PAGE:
The adorable Yorkshire terrier has become an important fixture in American households since its introduction to the United States in the late 19th century. Originally bred in Scotland and going by the name “Scotch terrier”, the Yorkshire terrier was given its modern name after great improvements in the breed were made in the county of Yorkshire in northern England.
Like most dog breeds, the Yorkie has developed some inherited diseases on its path to the modern breed. The genetic mutations responsible for some better known, inherited diseases of Yorkies such as primary lens luxation (PLL) and a form of progressive retinal atrophy known as progressive rod-cone degeneration (PRA-prcd) have been identified. The identification of these mutations has made it possible for Yorkie breeders to test their dams and sires prior to breeding and to use informed selective breeding practices to prevent the birth of puppies with these conditions. While most Yorkie breeders are familiar with PLL and PRA-prcd in the breed, another inherited condition known as degenerative myelopathy (DM) is less well known by Yorkie breeders. However, DM may be a concern worth investigating further in the Yorkie as the associated mutation has been identified in the breed.
What is DM?
DM is a late-onset, progressive neurological disease caused by a mutation in the SOD1 gene. The canine equivalent to the human disease known as amyotrophic lateral sclerosis (Lou Gehrig’s disease), affected dogs commonly begin showing clinical signs of disease around 7 to 10 years of age. The first clinical sign often noticed by owners is weakness in the dog’s hind limbs and difficulty rising after lying down. Early in the disease course, dogs will often show characteristic signs of neurological dysfunction such as dragging hind feet while walking (often identified by the sound of toenails scraping on hard surfaces) and abnormal positioning or crossing of hind limbs while standing. Progression of the disease results in an ascending neurological dysfunction which eventually involves the front limbs. Some dogs also suffer urinary or fecal incontinence late in the course of disease. Most dogs are unable to walk within 6 months to 2 years after initial clinical signs begin and are often humanely euthanized due to quality of life concerns.
SOD1 Gene Mutation in Yorkies?
The SOD1 gene mutation responsible for causing DM is believed to be an ancient mutation, first arising in a predecessor to many of our modern breeds. As our modern dog breeds were developed, this mutation was unknowingly passed along to many blood lines. Since the mutation’s discovery, it has been identified in over 100 breeds of dog, including the Yorkshire terrier.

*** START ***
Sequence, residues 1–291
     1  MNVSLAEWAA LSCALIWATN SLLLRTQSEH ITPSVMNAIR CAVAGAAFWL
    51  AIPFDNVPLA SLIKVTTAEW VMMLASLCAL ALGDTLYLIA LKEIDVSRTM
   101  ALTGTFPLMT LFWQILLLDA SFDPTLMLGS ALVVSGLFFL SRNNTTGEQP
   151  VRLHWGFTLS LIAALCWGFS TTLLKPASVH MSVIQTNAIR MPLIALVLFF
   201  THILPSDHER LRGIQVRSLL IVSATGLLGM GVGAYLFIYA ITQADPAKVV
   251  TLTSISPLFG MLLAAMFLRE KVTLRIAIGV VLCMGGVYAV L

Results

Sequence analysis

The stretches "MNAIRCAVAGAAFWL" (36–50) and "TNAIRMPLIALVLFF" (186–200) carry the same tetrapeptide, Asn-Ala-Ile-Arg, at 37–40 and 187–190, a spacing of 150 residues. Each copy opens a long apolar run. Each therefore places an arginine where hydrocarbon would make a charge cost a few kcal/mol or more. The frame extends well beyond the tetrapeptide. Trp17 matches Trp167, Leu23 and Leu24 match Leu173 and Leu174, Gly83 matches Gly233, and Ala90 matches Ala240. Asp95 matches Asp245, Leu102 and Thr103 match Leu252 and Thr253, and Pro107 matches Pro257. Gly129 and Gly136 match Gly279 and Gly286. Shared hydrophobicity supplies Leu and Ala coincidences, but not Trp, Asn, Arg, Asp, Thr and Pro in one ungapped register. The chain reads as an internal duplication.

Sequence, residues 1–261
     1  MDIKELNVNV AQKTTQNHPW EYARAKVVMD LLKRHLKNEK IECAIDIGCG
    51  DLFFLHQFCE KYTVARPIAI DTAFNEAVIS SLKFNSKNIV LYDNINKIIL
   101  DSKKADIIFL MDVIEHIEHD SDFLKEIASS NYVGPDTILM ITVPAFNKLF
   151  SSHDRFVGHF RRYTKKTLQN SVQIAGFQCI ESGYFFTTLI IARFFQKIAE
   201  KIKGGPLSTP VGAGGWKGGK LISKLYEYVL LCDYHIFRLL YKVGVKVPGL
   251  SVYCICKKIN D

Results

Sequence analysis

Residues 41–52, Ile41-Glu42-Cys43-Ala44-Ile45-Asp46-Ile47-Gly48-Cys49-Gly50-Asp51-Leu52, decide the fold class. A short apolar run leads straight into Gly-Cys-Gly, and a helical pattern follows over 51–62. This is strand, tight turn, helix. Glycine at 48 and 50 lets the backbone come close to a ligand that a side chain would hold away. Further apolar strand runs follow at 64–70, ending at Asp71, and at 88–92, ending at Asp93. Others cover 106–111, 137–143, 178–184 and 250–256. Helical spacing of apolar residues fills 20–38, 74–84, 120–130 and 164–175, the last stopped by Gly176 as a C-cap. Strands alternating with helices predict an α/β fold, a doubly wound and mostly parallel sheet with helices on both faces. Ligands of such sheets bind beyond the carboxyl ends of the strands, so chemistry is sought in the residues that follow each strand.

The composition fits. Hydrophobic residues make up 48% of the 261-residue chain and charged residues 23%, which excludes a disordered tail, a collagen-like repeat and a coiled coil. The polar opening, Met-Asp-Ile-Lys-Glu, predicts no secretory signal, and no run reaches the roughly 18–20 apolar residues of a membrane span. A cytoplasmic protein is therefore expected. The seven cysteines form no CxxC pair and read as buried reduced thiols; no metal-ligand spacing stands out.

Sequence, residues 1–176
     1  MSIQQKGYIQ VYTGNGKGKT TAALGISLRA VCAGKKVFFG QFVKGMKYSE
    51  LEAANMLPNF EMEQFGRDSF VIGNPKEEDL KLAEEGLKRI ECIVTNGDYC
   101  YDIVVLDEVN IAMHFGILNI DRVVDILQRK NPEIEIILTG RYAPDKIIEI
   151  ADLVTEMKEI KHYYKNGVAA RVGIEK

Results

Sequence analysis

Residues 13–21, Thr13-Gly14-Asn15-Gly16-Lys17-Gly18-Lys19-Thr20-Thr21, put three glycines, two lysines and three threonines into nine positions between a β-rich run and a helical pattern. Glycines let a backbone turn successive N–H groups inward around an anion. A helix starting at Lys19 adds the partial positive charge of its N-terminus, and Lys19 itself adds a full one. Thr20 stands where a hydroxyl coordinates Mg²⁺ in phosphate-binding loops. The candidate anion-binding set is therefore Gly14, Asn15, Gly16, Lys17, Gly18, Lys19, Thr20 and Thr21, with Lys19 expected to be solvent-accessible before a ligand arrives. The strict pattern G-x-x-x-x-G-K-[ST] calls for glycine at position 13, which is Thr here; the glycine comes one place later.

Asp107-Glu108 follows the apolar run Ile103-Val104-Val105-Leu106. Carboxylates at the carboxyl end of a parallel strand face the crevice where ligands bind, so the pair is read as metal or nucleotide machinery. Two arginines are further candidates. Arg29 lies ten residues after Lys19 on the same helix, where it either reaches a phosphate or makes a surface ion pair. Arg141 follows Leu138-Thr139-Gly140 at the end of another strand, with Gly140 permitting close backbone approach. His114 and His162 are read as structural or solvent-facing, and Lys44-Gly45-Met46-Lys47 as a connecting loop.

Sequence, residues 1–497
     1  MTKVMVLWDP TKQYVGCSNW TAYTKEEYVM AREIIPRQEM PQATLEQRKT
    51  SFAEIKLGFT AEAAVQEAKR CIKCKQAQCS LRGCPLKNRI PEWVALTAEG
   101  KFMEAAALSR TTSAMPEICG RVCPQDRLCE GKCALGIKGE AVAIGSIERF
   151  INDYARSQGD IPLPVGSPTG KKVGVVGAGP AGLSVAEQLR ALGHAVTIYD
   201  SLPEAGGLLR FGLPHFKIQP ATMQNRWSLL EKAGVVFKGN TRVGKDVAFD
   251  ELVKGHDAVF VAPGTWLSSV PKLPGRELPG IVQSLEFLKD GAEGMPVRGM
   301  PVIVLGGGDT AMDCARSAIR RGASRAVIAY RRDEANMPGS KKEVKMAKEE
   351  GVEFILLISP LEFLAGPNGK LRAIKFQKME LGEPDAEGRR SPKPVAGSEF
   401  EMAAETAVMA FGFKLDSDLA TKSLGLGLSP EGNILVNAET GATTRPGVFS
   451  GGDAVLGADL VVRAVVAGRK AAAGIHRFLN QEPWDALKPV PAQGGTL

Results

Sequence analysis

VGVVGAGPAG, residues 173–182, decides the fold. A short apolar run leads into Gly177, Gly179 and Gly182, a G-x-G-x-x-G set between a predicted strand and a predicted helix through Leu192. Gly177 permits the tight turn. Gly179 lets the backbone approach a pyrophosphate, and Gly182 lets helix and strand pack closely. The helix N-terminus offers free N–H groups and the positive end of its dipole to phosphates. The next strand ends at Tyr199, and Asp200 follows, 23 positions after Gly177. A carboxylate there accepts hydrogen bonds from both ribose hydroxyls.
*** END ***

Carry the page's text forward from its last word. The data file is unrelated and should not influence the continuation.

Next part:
One publication has described the SOD1 mutation in a single Yorkie and dozens of Yorkies with the mutation have been identified in the Paw Print Genetics laboratory. However, it is not known what percentage of Yorkies develop disease from this mutation or what the average age of onset is for this breed. It should be noted that a direct correlation between the common SOD1 gene mutation and degenerative myelopathy has not been published for the Yorkshire terrier. However, given experience with this mutation in other breeds, it is plausible that at least some Yorkies will develop this condition later in life if they have inherited two copies of the mutation from their parents.
How Is DM Inherited?
DM is inherited in a recessive fashion with incomplete penetrance meaning that dogs must inherit two copies of the associated SOD1 gene mutation (one from each parent) in order to develop disease. However, the phenomenon of incomplete penetrance means that not all dogs inheriting two copies of the mutation will develop disease. Dogs inheriting only a single copy of the mutation are considered carriers of DM and will not develop the disease. However, carriers of the mutation can have affected puppies if bred to another carrier of the same mutation. In order to prevent producing affected dogs, carriers should only be bred to dogs that have not inherited the mutation. As with most genetic diseases, in general, it is not recommended to breed affected dogs.
Without genetic testing, the combination of DM’s incomplete penetrance, late age of onset, and misconceptions about the disease have often made it difficult for breeders to identify carriers and young, affected dogs. The factors that prevent DM from fully manifesting in some dogs are unknown, but likely include a combination of multiple genes and environmental factors.
Contact Paw Print Genetics
Paw Print Genetics offers testing of Yorkshire terriers for degenerative myelopathy and 3 other inherited diseases. If you have questions about whether DM could be a concern for your dog or if you have other canine genetic disease questions, please feel free to contact our laboratory at AskUs@pawprintgenetics.com or give us a call at 509-483-5950. Lastly, since there are unanswered questions about DM in the breed, we are very interested in speaking with owners of Yorkshire terriers that have been diagnosed with the disease to discuss age of onset, the rate of progression, and clinical signs seen. If you have owned (or currently own) a Yorkie diagnosed with DM and would be willing to share your story, please contact me directly at email@example.com. All conversations will be confidential.